In 2015, Traverse City officials took their cue from the success of the heated sidewalks and streets in Holland, MI and in 2016 began plans for ripping out old sidewalks, replacing them with new snowmelt systems.  Much of the concern for cities bordering Lake Michigan is not only that a snowmelt system increases the economic viability of a city but also increases fresh waterway sustainability.  Pollution caused by salt runoff from deicing roads and streets harms water quality while increasing health issues for humans, animals and vegetation.

As a blog contributor stated on another post. “One would HOPE local officials would have been smart enough to seek out best practices, to emulate successful municipalities, to attend advanced MSU workshops on city planning, and/or to garner specific information to do the project well, using 21st century concepts, especially considering how much moolah they are expending. Does anyone on that council know how to replicate proven concepts? Has anyone on that city council conducted a site visit at Grand Haven, etc. to learn about such “advanced” municipal systems, to better an idea of how to improve their city? Or, do the NB council members just go about projects with their own limited, unskilled perspective, thinking they are grand because there is casino money at hand to throw at a project? Shameful ignorance of what COULD be (and I thought at least one of them had a degree).”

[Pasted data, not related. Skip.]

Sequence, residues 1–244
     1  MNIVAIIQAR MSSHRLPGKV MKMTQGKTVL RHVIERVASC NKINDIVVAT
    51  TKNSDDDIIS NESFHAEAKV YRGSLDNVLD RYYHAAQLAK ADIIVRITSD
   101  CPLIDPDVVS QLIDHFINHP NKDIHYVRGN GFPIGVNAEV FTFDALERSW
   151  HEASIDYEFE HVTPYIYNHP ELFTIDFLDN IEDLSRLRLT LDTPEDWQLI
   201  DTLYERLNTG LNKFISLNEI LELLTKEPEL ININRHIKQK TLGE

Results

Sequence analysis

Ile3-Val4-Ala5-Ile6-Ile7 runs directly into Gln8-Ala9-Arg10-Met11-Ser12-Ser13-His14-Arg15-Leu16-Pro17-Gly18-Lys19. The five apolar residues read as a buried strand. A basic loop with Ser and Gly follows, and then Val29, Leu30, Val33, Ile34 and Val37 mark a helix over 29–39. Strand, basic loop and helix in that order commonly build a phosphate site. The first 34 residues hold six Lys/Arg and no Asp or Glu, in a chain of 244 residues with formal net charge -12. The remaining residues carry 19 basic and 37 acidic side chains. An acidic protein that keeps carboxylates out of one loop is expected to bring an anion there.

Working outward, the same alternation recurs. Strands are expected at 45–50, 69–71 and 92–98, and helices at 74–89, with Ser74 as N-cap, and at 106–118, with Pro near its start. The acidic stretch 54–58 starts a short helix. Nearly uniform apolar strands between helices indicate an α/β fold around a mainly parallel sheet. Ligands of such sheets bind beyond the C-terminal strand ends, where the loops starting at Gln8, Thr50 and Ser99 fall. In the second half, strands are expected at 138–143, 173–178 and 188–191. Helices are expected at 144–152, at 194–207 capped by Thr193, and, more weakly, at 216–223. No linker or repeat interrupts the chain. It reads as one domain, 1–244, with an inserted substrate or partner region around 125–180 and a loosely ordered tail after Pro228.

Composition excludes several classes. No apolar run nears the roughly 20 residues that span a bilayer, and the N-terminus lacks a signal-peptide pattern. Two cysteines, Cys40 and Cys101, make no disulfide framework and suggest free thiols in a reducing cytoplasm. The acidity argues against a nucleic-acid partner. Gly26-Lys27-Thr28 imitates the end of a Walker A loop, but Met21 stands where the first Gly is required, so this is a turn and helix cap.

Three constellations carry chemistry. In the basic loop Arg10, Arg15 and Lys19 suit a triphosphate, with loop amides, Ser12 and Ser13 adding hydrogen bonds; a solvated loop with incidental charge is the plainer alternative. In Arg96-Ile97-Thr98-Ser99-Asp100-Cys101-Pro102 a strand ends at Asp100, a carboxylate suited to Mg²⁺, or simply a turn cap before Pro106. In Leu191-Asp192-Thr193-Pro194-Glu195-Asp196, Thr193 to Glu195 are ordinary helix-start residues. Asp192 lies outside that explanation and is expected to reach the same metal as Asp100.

3 thoughts on “Sustainability

  1. Susan Gotfried Post author

    Maybe you could find out why the city doesn’t clear the sidewalks downtown. Or if they play to after sending multi million dollars on new sidewalks.

  2. Susan Gotfried Post author

    Whittaker Street is torn up, the sidewalks haven’t even been started. It’s not too late but I think those in control might be more interest in helping out the subcontractors and engineers than economic and environment sustainability.

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